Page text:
But though I’m awed by the pretty pictures, I’m also amazed that a nearly 20-year-old telescope continues to churn out amazing science and that NASA had the wisdom to continue to service such an incredible eyepiece into the universe. Somehow it generally seems easier to build something new without seeing potential in a tune-up for an older instrument. (And– just to be clear– I’m not saying that we shouldn’t build the Hubble’s successor, the James Webb Space Telescope— no relation to Webb of Science, BTW, though no quarrels with sharing a very good name).
I guess the Hubble is also reminding me how valuable refurbishing something old, but made with quality– like a well-made piece of furniture or the Birkenstock sandals I’ve worn to death over the past 4 summers– can be in the long run.
Though hydrogen is the smallest atom and is perched at the top left of the periodic table, hydrogen in nature exists as two atoms hooked together.
Hydrogen hit the news this weekend as a leak led NASA to scrub the Space Shuttle Endeavor launch:
Hydrogen is as clean as chemical fuels get: burning it produces water, a useful waste product. But just like a possible leak of other fuels including gasoline, hydrogen is a potential safety concern.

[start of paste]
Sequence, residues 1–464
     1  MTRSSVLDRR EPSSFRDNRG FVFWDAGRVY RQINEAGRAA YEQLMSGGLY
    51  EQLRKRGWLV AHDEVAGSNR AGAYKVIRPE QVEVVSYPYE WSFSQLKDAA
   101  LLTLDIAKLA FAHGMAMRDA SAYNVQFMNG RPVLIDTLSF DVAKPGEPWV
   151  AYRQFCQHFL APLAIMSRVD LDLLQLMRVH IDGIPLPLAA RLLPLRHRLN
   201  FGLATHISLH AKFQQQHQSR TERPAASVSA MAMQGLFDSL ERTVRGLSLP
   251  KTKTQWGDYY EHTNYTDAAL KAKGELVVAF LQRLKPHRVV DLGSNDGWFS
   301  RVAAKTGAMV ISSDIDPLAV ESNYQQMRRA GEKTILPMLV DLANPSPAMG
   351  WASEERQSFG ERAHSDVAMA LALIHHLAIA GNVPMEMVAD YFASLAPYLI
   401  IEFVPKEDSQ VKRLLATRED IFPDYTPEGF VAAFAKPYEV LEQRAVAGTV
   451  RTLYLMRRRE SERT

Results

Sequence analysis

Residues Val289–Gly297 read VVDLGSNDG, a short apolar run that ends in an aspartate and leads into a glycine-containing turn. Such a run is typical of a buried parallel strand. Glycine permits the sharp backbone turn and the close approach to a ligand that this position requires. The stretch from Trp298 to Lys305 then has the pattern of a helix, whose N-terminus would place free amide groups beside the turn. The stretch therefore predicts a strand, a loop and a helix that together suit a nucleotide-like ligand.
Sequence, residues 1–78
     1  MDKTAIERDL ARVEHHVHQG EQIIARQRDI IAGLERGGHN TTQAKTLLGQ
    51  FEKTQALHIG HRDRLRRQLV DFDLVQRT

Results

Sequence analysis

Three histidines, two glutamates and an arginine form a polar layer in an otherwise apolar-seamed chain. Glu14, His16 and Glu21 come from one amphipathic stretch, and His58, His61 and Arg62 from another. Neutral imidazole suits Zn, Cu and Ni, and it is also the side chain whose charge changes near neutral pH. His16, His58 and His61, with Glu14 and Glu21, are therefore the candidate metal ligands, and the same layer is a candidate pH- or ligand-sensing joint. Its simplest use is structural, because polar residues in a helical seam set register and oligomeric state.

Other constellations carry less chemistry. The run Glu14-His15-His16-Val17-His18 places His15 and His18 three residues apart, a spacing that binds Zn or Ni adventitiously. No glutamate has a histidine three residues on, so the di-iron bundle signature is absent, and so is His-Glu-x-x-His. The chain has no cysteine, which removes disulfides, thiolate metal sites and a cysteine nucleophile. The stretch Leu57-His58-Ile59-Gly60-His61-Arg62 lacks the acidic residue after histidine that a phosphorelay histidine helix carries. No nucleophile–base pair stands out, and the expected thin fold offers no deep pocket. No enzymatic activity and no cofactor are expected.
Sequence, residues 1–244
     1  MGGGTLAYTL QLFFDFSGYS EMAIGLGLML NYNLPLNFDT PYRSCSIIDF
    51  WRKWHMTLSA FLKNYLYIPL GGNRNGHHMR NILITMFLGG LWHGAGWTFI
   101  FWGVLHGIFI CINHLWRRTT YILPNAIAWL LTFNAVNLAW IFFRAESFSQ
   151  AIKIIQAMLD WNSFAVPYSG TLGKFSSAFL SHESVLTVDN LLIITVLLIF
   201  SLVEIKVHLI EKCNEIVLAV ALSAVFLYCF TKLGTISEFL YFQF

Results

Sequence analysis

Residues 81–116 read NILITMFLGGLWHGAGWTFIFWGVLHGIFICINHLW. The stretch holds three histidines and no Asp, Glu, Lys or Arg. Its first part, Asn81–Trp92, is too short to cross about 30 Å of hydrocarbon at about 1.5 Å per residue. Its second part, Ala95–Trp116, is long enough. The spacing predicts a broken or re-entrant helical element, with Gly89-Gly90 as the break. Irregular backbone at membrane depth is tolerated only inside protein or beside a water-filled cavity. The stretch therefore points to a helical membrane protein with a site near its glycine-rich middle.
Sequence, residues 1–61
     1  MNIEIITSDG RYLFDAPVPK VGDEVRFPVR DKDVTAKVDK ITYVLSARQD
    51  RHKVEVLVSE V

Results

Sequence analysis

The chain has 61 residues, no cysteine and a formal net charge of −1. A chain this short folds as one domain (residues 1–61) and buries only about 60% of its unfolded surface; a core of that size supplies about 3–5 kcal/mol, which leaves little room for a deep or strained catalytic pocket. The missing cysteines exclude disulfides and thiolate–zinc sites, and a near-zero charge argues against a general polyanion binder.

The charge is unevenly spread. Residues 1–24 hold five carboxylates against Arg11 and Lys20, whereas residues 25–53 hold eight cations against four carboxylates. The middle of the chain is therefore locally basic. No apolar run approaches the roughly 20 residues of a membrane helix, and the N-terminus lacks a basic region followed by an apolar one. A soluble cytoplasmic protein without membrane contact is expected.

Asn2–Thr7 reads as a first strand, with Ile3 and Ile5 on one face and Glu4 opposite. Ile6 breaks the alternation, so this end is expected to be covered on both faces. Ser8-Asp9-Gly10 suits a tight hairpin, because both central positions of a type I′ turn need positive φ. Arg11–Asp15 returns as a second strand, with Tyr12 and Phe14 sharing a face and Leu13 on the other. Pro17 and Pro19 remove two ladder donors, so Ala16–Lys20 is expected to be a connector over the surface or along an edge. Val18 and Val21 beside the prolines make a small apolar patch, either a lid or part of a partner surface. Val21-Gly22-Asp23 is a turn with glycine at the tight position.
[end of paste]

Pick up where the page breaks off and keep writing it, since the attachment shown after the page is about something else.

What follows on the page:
Hydrogen and helium (its sister element on the right side of the periodic table) form the basis of new stars. These chemicals rotate and condense, ultimately integrating their nuclei to form larger elements through nuclear fusion and releasing energy.
The rovers are still my favorite NASA mission, for reasons I’ve already written about. Even if the rovers quit tomorrow, the rover science team of Steve Squyres of Cornell and company would still have decades of data to comb through and analyze. Last Friday, they published more of the Opportunity data in the journal Science (requires subscription) that documents the role that salty, acidic water and wind have played in sculpting the magnificent rock formations in the craters of Meridiani Planum.
Cape St Vincent explored by Opportunity in Victoria Crater, Courtesy of NASA/JPL-Caltech/Cornell
Spirit stuck in the sand, Courtesy of NASA/JPL-Caltech
But I still have my soft spot for Spirit, even though that robot is stuck in the sand with another gimpy wheel. The pictures from rover missions are amazing, the science is spectacular, but I’m still floored by the engineering and troubleshooting involved in maneuvering a robot in a harsh environment on a planet 100 million miles away. The mission engineers have managed these problems remotely for more than 5 years– I know my car would need a hand-on tune-up long before that.